V-Day is a global activist movement to end violence against women and girls. V-Day is a catalyst that promotes creative events to increase awareness, raise money, and revitalize the spirit of existing anti-violence organizations. V-Day generates broader attention for the fight to stop violence against women and girls, including rape, battery, incest, female genital mutilation (FGM), and sex slavery.
Performance is just the beginning. V-Day stages large-scale benefits and produces innovative gatherings, films and campaigns to educate and change social attitudes towards violence against women including the documentary Until The Violence Stops; community briefings on the missing and murdered women of Juarez, Mexico; the December 2003 V-Day delegation trip to Israel, Palestine, Egypt and Jordan; the Afghan Women’s Summit; the March 2004 delegation to India; the Stop Rape Contest; the Indian Country Project; Love Your Tree.
The ‘V’ in V-Day stands for Victory, Valentine and Vagina.
V-Day is an organized response against violence toward women.
V-Day is a vision: We see a world where women live safely and freely.
V-Day is a demand: Rape, incest, battery, genital mutilation and sexual slavery must end now.
V-Day is a spirit: We believe women should spend their lives creating and thriving rather than surviving or recovering from terrible atrocities.
V-Day is a catalyst: By raising money and consciousness, it will unify and strengthen existing anti-violence efforts. Triggering far-reaching awareness, it will lay the groundwork for new educational, protective, and legislative endeavors throughout the world.
V-Day is a process: We will work as long as it takes. We will not stop until the violence stops.
V-Day is a day. We proclaim Valentine’s Day as V-Day, to celebrate women and end the violence.
Why V-Day Started
In 1994, a play called The Vagina Monologues, written by playwright and activist Eve Ensler, broke ground, offering to the world a piece of art like nothing it had seen before. Based on dozens of interviews Ensler conducted with women, the play addressed women’s sexuality and the social stigma surrounding rape and abuse, creating a new conversation about and with women. The Vagina Monologues ran Off-Broadway for five years in New York and then toured the United States. After every performance, Ensler found women waiting to share their own stories of survival, leading her to see that The Vagina Monologues could be more than a moving work of art on violence; she divined that the performances could be a mechanism for moving people to act to end violence.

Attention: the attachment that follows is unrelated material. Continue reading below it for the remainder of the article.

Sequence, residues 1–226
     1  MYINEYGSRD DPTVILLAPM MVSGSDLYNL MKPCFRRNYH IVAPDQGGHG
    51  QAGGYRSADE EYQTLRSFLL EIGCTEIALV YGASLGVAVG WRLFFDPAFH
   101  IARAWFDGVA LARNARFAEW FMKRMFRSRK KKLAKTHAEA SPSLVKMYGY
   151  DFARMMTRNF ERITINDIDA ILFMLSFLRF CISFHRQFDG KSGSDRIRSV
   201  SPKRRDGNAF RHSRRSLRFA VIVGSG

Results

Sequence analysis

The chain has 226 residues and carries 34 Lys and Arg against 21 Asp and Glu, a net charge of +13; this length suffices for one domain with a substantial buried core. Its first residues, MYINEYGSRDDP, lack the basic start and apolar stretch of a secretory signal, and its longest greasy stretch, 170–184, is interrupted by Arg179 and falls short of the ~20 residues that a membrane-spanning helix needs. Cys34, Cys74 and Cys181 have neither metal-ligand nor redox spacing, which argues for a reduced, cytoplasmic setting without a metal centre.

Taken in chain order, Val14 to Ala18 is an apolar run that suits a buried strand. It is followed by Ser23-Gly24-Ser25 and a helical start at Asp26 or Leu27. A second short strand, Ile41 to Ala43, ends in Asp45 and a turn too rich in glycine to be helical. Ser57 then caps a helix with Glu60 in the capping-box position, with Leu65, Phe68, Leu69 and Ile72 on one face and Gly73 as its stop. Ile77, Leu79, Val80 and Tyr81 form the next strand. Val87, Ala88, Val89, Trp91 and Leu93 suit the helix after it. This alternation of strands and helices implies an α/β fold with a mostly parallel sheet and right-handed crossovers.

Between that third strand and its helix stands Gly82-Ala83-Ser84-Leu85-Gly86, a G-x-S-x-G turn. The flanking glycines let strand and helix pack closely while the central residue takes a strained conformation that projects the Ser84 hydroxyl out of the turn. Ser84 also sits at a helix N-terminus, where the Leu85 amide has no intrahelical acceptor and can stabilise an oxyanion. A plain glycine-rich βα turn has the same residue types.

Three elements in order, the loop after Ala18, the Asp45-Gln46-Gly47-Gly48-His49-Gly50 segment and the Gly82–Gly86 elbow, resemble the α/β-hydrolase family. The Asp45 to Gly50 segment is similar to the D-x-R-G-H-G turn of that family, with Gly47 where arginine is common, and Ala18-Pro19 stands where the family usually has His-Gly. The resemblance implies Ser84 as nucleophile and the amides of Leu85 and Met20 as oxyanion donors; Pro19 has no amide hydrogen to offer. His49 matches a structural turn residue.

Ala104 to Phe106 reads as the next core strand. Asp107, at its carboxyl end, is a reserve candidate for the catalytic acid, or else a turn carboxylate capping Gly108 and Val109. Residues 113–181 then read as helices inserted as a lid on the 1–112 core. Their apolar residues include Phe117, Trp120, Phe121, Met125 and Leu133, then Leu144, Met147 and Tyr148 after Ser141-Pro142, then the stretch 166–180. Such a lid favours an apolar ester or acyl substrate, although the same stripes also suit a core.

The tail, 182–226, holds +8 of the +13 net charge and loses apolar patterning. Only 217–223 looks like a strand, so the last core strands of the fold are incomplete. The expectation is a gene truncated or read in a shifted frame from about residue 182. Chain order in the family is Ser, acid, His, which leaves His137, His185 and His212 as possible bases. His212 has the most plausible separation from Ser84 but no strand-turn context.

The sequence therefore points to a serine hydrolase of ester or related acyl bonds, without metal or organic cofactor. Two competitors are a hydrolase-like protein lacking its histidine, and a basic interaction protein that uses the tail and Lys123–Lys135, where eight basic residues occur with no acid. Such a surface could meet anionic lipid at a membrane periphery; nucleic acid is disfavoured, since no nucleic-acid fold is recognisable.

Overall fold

On Valentines Day, 1998, Eve, with a group of women in New York City, established V-Day. Set up as a 501(c)(3) and originally staffed by volunteers, the organization’s seed money came from a star-studded, sold out benefit performance at the Hammerstein Ballroom in New York, a show that raised $250,000 in a single evening.
V-Day’s mission is simple. It demands that violence against women and girls must end. To do this, once a year, in February, March, and April, Eve allows groups around the world to produce a performance of the play, as well as other works created by V-Day, and use the proceeds for local individual projects and programs that work to end violence against women and girls, often shelters and rape crisis centers. What began as one event in New York City in 1998 today includes over 5,800 V-Day events annually.
Performance is just the beginning. V-Day stages large-scale benefits and produces innovative gatherings, films and campaigns to educate and change social attitudes towards violence against women.